Socially engaged Buddhists—and any others who are not wholly pleased with the monopoly on politico-religious discourse enjoyed by Christian fundamentalists in recent decades—were given a morale boost last July, when the Jewish renewal magazine Tikkun sponsored its first Spiritual Activism Conference, in Berkeley, California. The brainchild ofTikkun editor Rabbi Michael Lerner, the four-day event featured dozens of presenters from various spiritual traditions and attracted more than 1,300 participants—two to three times as many as organizers had originally expected. Participants attended long, thought-provoking plenary lectures and afterward broke into smaller “work groups” to focus on specific issues such as diversity, the environment, and workplace issues. A high-spirited, hopeful gathering of the left-of-center tribes, the conference marked the launch of Lerner’s campaign to create a “Network of Spiritual Progressives” (NSP) and challenged the idea that the Christian right is not the only segment of religious America with a concerted interest in “moral values” as they apply to society’s character and trajectory.
In his keynote address on the conference’s opening evening, Lerner offered a trenchant analysis of how and why the right had insinuated itself into a commanding position on the hotly contested turf of moral values. In great numbers, he said, average Americans are experiencing “spiritual crisis” stemming from the practical imperative faced by virtually everyone in the modern workplace: to put profit and power above all else. This leaves love, compassion, and a sense of meaning—for which humans naturally yearn—a very distant second, causing people to suffer. Their spiritual pain, Lerner said, has been largely ignored by the left but has been recognized and addressed by the right for a good twenty-five years. The religious right assuaged that pain with talk of “moral values” offering hope for a meaningful life, and welcomed the spiritually dispossessed with open, caring arms. And what’s more, he added, the right then fingered “despised others”—people of color, immigrants, gays, Jews, Muslims—as the source of said pain. Relieved to have their deep-seated pain acknowledged, and concerned for the moral ground upon which they were raising their families, such dispossessed folks gravitated to the message and to the extremist political agenda, of the religious right—even though that agenda (as it turned out) conflicted with the middle class’s own economic self-interest, not to mention fundamental ethical precepts of the great religious traditions such as tending the afflicted, healing the sick, sheltering the homeless, and celebrating the interconnectedness of all life.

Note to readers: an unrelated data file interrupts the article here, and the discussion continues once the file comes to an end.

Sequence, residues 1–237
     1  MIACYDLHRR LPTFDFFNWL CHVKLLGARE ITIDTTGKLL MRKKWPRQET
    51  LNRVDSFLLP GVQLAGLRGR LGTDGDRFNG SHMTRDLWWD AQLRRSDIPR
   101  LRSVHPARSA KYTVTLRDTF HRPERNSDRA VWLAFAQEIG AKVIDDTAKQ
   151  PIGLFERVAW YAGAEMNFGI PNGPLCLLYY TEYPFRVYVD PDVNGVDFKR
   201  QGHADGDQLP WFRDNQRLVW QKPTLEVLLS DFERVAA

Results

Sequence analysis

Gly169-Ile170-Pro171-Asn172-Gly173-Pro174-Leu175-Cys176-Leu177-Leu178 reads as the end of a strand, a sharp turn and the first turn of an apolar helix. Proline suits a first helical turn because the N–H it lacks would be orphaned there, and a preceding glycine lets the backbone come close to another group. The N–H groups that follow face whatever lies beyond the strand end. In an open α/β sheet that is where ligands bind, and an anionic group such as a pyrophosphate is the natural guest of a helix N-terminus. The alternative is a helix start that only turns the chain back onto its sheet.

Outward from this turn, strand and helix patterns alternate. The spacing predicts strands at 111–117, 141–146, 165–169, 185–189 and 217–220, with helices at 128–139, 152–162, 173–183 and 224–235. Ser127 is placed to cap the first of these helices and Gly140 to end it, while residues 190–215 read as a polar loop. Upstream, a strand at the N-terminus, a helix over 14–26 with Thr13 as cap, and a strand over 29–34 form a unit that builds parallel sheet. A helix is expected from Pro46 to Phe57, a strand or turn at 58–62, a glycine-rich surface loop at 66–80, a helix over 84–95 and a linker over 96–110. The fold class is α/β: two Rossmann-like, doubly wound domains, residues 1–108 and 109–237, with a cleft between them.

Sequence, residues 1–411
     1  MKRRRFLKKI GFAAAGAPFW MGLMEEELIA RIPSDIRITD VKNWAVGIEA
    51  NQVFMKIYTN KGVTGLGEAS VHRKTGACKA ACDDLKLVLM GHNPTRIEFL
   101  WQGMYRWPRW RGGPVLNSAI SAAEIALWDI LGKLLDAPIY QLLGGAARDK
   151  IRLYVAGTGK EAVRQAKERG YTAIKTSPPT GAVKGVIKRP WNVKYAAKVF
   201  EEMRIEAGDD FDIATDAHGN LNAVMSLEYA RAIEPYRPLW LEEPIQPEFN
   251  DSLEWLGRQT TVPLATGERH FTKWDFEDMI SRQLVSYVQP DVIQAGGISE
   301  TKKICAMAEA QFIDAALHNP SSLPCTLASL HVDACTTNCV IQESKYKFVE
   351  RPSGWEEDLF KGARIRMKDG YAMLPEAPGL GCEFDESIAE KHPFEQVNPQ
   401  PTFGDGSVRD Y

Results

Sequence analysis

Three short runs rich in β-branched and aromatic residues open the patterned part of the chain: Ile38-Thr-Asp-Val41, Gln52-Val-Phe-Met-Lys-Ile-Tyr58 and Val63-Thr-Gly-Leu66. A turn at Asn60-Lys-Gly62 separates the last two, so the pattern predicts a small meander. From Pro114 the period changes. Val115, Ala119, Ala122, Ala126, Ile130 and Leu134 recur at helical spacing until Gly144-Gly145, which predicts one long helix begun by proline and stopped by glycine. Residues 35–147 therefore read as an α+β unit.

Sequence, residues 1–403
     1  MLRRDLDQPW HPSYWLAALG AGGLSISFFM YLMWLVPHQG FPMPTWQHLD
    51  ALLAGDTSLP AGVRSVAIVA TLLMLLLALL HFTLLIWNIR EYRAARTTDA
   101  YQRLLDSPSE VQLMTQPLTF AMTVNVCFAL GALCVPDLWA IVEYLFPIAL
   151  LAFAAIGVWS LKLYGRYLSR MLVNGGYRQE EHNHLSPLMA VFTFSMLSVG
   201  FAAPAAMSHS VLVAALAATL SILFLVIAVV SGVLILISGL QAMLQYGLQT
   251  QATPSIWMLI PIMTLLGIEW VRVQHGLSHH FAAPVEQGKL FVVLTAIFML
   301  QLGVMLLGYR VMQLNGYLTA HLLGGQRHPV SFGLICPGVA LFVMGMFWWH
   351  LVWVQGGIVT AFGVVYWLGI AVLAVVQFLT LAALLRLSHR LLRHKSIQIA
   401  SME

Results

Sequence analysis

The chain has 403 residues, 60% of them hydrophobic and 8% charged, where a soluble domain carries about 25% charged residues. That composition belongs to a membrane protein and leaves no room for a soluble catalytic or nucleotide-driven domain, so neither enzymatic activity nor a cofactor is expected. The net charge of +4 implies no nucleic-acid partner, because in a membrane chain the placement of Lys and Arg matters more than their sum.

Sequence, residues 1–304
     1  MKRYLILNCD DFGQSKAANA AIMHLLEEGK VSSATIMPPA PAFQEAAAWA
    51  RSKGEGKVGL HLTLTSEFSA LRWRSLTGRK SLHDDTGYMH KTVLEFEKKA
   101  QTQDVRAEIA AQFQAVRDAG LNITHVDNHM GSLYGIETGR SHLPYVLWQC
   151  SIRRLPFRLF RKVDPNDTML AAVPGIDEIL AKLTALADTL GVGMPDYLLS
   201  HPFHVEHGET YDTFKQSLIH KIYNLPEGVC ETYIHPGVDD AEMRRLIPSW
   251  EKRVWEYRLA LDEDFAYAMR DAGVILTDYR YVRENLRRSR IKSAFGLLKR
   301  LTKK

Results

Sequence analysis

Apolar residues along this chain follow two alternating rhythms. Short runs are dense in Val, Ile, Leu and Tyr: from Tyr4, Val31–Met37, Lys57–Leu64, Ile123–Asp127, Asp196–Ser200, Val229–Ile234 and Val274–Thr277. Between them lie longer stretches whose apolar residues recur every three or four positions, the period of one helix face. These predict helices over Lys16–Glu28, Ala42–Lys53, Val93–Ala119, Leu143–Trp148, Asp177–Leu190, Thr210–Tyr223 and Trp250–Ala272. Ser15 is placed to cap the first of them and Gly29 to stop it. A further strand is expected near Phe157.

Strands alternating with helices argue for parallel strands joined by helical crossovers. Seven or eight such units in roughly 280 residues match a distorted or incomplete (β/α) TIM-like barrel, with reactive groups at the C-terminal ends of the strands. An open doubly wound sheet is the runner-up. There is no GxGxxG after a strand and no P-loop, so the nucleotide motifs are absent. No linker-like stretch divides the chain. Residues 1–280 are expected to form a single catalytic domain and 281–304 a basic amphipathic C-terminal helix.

“How did they get away with it?” Lerner asked, referring to the right’s political success. “They got away with it because there is no other voice in town. The left doesn’t get it, doesn’t see there is a spiritual crisis.” Indeed, he added, because of the right’s blaming of “despised others,” the left has come to understand the phrase spiritual crisis as “code words for racism and sexism.” Thus the conference was intended as much to address the “religio-phobia and hostility to spiritual concerns in some sectors of liberal and progressive culture” as it was to counteract “the misuse of God and religion by the religious right” and argue for “a new bottom line in American society,” one that stresses “love and caring, generosity and kindness” rather than maximization of profit and efficient utilization of resources for economic gain. It’s a sweeping, hopeful vision, and Lerner and his colleagues were quite compelling in articulating it, never more so than when Lerner declared, “Our goal is not to defeat the right; our goal is to build a better world.”
Of course, espousing a vision and birthing a practical corollary of it are two different things, and the conference, for all the excitement it generated, will prove to be just another transient blip on the country’s political radar screen if nothing substantive ensues from it. To that end, Lerner’s plans for NSP include a follow-up conference in Washington in early 2006; a political platform, to be created by local NSP groups and issued in 2007; and the creation of NSP “caucuses” within the Democratic and Green parties. If these efforts succeed, they will only be restoring a historical trend: “Every single major progressive movement in our history was driven by religious values—abolition, women’s suffrage, child labor, civil rights,” Lerner noted. “The biggest mistake progressives have made in decades is conceding the entire territory of moral values to the religious right. We must never make that mistake again.”